One of the most common issues we run into is people not understanding their tire size. We make it easy for you to learn!
Hi, I’m Nancy Kneble at Kneble’s Auto. Over the life of your car, you’re probably buying several sets of tires. If you’re like me you’re probably wondering, I don’t know anything about tires. Where do I begin? Let me help educate you on buying your tires.
Make sure they are the correct tires for your car. Let’s assume your tires are like shoes. Now everybody knows their shoe size, but do you know the correct tire size for your car? On that label in the door jam, you will find something as P215 /60 R 16 98T. Well, you’re probably wondering what are all those letters and numbers for? Let me explain.
Let’s start from the beginning. Let me get a little props to help you understand exactly what those letters and numbers mean. Just a minute. Good thing I went to the gym today. Okay. The P stands for passenger. We have a passenger tire. The 215 represents in millimeters the distance from sidewall to sidewall, so that is across here. That’s the width of the tire. It’s 215 millimeters. The next number is a /60 that’s called aspect ratio, and you say, what’s that? I’m going to explain it to you.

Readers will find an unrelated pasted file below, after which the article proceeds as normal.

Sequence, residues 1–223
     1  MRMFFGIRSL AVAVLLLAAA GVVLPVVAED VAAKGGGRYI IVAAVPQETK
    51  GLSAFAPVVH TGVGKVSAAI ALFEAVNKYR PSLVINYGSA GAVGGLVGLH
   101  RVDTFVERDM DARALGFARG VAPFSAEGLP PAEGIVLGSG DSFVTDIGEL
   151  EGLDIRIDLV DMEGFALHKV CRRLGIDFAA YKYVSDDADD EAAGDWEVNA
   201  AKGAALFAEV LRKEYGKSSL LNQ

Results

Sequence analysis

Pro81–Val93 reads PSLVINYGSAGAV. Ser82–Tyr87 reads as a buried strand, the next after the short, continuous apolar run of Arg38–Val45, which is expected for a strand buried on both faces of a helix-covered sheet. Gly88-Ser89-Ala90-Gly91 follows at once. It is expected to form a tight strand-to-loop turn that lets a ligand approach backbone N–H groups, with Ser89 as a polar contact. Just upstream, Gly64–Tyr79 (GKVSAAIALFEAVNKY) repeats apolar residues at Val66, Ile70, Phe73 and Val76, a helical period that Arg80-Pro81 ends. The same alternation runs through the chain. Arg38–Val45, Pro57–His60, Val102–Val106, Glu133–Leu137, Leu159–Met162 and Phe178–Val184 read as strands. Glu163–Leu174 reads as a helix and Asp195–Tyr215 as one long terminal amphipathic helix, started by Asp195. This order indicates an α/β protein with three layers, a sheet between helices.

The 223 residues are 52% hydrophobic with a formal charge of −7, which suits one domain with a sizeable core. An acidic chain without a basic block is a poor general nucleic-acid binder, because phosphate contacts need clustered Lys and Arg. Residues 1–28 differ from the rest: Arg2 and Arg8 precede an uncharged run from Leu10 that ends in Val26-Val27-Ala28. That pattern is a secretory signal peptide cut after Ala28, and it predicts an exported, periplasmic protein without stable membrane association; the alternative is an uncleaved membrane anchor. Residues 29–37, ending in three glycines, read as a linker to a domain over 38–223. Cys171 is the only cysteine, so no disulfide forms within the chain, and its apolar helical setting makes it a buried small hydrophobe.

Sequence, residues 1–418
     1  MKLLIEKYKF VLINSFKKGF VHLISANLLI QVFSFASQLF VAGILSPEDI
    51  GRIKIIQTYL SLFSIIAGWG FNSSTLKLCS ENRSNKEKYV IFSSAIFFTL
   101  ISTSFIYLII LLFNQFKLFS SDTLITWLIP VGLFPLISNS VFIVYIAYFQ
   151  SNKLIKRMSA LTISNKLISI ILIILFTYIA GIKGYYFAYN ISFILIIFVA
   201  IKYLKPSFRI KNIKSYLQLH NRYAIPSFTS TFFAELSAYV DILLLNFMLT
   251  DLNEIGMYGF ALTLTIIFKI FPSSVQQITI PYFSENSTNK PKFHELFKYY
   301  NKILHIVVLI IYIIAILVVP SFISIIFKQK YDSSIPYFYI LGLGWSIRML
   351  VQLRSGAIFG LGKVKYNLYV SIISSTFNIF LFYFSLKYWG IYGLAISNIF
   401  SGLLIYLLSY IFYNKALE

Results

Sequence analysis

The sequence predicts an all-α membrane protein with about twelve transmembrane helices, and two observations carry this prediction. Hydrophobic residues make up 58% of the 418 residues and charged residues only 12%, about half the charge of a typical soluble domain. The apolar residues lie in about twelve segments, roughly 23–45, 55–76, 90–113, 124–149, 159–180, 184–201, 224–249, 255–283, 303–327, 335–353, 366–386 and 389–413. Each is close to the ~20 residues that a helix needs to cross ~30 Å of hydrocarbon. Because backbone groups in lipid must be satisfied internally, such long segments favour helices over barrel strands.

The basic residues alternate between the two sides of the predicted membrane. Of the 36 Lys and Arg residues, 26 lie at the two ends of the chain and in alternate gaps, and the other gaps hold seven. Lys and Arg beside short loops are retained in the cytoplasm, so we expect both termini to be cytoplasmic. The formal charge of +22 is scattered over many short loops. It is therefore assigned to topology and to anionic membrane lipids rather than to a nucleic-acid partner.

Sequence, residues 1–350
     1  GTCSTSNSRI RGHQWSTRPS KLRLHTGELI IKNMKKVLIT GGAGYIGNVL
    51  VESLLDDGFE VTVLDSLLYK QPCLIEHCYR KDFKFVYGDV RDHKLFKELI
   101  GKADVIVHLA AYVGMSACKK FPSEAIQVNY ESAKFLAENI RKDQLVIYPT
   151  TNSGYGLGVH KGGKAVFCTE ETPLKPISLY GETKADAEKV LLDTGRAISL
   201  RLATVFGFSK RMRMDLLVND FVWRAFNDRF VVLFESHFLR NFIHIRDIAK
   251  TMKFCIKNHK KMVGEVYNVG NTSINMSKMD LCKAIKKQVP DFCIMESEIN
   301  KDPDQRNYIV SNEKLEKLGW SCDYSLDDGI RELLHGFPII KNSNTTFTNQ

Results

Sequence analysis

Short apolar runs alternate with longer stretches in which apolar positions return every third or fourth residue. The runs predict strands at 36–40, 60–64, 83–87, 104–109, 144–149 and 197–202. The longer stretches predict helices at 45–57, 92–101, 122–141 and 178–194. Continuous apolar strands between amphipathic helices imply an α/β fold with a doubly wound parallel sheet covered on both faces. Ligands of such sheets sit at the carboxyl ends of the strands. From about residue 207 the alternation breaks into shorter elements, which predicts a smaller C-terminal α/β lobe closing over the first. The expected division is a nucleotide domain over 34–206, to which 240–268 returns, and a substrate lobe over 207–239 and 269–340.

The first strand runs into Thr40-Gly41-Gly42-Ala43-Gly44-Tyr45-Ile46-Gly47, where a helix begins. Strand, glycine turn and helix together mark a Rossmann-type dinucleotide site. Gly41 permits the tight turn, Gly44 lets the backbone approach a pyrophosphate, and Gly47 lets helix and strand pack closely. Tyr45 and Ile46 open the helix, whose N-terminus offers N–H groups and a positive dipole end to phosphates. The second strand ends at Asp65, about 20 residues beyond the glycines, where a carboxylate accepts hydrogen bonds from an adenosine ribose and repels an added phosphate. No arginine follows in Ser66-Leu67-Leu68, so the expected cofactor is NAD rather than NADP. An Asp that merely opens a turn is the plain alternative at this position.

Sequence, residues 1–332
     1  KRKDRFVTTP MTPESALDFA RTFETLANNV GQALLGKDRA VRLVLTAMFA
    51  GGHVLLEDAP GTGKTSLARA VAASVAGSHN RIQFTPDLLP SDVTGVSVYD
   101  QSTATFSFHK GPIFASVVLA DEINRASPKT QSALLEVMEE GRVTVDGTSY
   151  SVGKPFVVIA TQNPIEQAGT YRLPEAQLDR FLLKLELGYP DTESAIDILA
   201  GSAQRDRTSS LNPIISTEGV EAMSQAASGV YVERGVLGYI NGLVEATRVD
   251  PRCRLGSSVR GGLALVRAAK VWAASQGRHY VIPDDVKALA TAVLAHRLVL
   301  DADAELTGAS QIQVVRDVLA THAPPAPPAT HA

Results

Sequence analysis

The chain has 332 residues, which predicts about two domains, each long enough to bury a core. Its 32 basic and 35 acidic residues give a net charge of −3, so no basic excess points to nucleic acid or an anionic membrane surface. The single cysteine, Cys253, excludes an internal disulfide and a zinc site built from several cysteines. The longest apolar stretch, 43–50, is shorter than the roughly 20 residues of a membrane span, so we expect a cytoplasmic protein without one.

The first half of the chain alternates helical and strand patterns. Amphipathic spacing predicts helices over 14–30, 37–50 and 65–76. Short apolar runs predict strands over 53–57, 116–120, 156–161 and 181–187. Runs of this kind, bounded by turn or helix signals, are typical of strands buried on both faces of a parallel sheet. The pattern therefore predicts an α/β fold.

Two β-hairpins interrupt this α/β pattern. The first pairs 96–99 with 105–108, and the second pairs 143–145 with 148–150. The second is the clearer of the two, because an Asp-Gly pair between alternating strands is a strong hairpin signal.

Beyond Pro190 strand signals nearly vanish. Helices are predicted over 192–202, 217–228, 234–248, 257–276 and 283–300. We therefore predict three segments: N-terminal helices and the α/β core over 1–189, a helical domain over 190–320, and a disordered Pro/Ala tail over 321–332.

That is actually, the 60 is 60% of this distance, reflects the sidewall to the top of the tread. So it is 60% of the width becomes the sidewall to top of the tread. The R is the radio construction, stands for radio. That’s the construction of the tire. And the 16 is in inches, and that is the rim or the diameter of the tire. So now we explained exactly what P215 /60 R 16. There’s another number, 98 and a letter T. You say what is that for? That stands for, 98 is a load rate. That reflects when your tire is fully inflated properly, how much weight this tire can hold.
So 98 can hold approximately 1,653 pounds. Each tire will hold properly inflated. Now you say what does the T represent? That’s the speed rating. That’s how fast you can go on that tire when it is properly inflated with the load at 118 miles an hour. That’s the T, not that we’re doing that fast, but that that tire can sustain itself under that speed. Now, remember the numbers I gave you is an example. Your car has its own requirements, but be also aware that the load can be from 75 to 105. So if you see a number different than the 98, know that that’s what your car requires. The T that I represented as a speed rating, that also can be M to Z. So once again, when you look at your door jam, be aware that it may not be the same numbers I gave you.